Arizona Republic
Arizona Republic (7/11/99)
"Valley Brothers Find Home on 'OZ'"

What if they made a soap opera and all of the characters were villains? HBO calls it Oz. A brilliant but brutal prison drama overseen by Tom Fontana and Barry Levinson, the show begins its third season Wednesday.

Set in an experimental unit ("Emerald City") of a fictional slammer (Oswald State Pen), the series is a crucible of high-intensity acting, razor-sharp writing and imaginative staging. No surprise there, given the setting and prior career highlights compiled by executive producers Fontana (Homicide: Life on the Street) and Levinson (Rain Man, Diner, The Natural).

Two members of the Oz cast have Valley references on their bios. Dean and Scott Winters, who play doomed brothers Ryan and Cyril O'Reily, both attended Brophy College Preparatory Academy. Another Winters brother, Brad, is one of the series' writers.

Although New York natives, the acting Winterses each spent critical adolescent years in the Valley during the 1970s, thanks to Carefree grandparents. (Aren't they all?) The New York branch of the family visited the Valley often and eventually decided to relocate. "We felt such a kindred spirit with the desert, and we were all so rocked by the beauty, we just decided to move out there," Scott said in a recent telephone interview. "My dad took a lesser-paying job, and we all piled in the station wagon and drove out West."

The move was difficult for the boys. "Quite frankly, it was a nightmare," Dean said in a separate interview. "It was a cultural blast coming from cement to the desert. I had a tough time adjusting." Dean, who's a year older than Scott, spent his freshman year at Chaparral High School. The next year, both boys attended Brophy, a long haul from the family's Scottsdale home. "Freshman year was definitely tough," Scott said of his Brophy years. "I didn't really dig it too much. Sophomore year was kind of the same."

"I really love Arizona, and I did end up loving Brophy, too. There were a lot of cool teachers, and pretty rigorous academic environment. You were definitely around a lot of stimulating people." Scott went on to Northwestern University, where he majored in economics. He briefly worked on Wall Street after graduation. "I wore a suit for a couple of years," he said.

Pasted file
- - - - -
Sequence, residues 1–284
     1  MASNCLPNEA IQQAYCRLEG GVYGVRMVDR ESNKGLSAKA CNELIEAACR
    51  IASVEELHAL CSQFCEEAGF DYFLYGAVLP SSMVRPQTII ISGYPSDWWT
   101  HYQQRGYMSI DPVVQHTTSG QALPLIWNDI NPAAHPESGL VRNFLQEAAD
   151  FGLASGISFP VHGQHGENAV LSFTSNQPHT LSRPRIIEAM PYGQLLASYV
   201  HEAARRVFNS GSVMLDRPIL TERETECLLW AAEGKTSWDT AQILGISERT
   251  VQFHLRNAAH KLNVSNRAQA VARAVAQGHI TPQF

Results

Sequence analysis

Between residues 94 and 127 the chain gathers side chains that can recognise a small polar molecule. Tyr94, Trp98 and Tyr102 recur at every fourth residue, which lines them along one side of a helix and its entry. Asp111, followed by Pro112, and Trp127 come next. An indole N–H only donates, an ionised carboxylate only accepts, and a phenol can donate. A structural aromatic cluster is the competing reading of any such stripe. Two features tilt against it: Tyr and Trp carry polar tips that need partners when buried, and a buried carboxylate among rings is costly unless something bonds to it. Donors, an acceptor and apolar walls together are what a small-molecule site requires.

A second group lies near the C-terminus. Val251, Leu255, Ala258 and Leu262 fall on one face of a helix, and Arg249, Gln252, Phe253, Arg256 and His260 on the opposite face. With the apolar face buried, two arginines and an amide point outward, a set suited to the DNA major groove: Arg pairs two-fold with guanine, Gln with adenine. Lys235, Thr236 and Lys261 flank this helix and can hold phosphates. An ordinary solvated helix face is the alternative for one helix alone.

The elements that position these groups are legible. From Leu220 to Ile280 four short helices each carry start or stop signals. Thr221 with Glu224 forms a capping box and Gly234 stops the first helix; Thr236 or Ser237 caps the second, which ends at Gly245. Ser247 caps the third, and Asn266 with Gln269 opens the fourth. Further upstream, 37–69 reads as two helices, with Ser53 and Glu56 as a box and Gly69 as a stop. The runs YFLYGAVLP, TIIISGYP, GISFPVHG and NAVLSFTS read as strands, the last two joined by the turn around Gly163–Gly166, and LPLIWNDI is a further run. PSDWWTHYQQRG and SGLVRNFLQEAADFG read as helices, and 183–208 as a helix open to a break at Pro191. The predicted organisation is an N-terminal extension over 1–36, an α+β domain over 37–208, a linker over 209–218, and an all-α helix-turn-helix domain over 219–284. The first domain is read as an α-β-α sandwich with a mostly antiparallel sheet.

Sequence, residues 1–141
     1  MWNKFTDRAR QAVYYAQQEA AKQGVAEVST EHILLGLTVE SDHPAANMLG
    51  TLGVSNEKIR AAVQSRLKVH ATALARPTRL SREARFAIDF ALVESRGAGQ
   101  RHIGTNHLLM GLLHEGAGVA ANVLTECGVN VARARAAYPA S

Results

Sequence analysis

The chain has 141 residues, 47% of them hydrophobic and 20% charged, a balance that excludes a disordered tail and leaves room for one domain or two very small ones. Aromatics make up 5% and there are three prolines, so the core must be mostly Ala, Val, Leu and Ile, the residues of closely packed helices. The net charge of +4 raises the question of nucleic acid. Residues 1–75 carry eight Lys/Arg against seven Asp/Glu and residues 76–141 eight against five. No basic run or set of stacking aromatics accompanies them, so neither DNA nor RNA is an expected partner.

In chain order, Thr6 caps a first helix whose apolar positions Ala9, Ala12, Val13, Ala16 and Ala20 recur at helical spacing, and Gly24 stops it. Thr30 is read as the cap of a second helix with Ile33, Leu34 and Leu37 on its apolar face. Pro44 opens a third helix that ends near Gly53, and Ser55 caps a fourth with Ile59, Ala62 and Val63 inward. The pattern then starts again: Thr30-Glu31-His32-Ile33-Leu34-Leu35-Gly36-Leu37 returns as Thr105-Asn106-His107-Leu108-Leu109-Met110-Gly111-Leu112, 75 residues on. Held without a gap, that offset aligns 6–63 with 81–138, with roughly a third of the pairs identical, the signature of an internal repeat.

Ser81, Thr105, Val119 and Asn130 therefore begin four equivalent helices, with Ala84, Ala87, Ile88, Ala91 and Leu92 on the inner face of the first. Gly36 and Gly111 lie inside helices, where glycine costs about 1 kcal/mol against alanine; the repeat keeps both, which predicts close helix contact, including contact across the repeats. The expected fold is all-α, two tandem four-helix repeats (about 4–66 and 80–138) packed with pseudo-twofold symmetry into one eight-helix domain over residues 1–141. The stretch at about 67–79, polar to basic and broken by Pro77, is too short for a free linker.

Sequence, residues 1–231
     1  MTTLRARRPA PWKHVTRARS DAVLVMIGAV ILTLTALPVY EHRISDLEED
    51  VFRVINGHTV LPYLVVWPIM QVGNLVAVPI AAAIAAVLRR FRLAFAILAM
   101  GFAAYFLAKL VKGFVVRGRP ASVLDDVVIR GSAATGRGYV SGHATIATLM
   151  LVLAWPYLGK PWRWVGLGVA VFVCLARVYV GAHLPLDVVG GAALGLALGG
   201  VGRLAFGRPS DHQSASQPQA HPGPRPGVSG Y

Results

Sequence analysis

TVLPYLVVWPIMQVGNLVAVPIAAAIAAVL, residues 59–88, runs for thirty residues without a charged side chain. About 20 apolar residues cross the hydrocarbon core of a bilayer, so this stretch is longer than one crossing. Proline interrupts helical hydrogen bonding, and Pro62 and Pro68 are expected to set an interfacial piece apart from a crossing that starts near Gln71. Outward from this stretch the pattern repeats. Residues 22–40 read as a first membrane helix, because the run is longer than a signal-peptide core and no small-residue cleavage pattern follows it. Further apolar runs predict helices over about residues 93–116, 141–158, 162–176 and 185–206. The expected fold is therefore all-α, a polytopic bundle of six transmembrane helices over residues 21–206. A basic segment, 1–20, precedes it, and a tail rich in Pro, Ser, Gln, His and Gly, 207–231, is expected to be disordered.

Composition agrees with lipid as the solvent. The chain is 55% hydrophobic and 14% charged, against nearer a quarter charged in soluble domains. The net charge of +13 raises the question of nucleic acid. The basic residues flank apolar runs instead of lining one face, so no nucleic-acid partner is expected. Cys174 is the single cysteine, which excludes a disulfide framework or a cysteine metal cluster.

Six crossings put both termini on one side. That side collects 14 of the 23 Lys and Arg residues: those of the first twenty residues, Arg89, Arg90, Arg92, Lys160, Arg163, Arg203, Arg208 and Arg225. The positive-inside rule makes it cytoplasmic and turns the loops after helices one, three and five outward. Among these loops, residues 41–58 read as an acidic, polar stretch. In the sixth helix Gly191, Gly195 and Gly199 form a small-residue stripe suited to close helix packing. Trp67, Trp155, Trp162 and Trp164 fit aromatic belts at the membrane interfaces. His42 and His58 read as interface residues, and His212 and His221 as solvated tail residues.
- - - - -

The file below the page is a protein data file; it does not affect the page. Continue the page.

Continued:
Dean majored in English at Colorado College, sort of. "Mostly, I majored in trying to get the hell out of school," he said. "School and I never seemed to walk hand in hand." After college, Dean kicked around the West Coast, Hong Kong (where he got cast in a couple of commercials) and Europe before settling again in New York.

Scott caught the show-biz bug first and talked Dean into attending acting class. Both worked as bartenders before catching their big break." "The brother-bartenders were kind of like a gimmick around town," Dean said. "We had a pretty big following back in that day." "Whenever we got hired, we'd pack the house with our friends. Business would look great, then the bar owners would catch on that we were giving away the bar, and we'd get fired. This literally happened at seven or eight places."

About that big break: Fontana was one of the brother bartenders' regular customers. (Something to do with the free drinks, maybe?) Each eventually got acting jobs as guest stars on Homicide. Dean was first to get cast on Oz. Now, both have joined what he calls "The Royal Fontana Company"--a group of distinctive actors the writer-producer frequently employs. J.K. Simmons (who plays Oz's evil White supremacist Vernon Schillinger) and Zeljko Ivanek (equally evil Gov. James Devlin) both made indelible impressions on Homicide. "It's like going to a great experimental theater company every day," said Dean, who's recently been cast in NBC's new-for-fall Law & Order spinoff.

Oz is shot in New York City. That fact of geography, matched with the gritty, claustrophobic set on which the actors work, contribute to the series' grinding atmosphere. "Going to work is like going to prison," Scott said. (A prison populated by extremely creative cons, to be sure: Matt Dillon, Chazz Palminteri and Steve Buscemi each directed episodes of the coming eight-episode season.) Added Dean, "Most of us walk to work or take a subway to the show. People say, 'How do you prepare for the show?' I say, 'I don't. I just walk to work.'" "It can be a wear-and-tear show, but in a good way. I get home and I'm physically exhausted. But that's why I do this."

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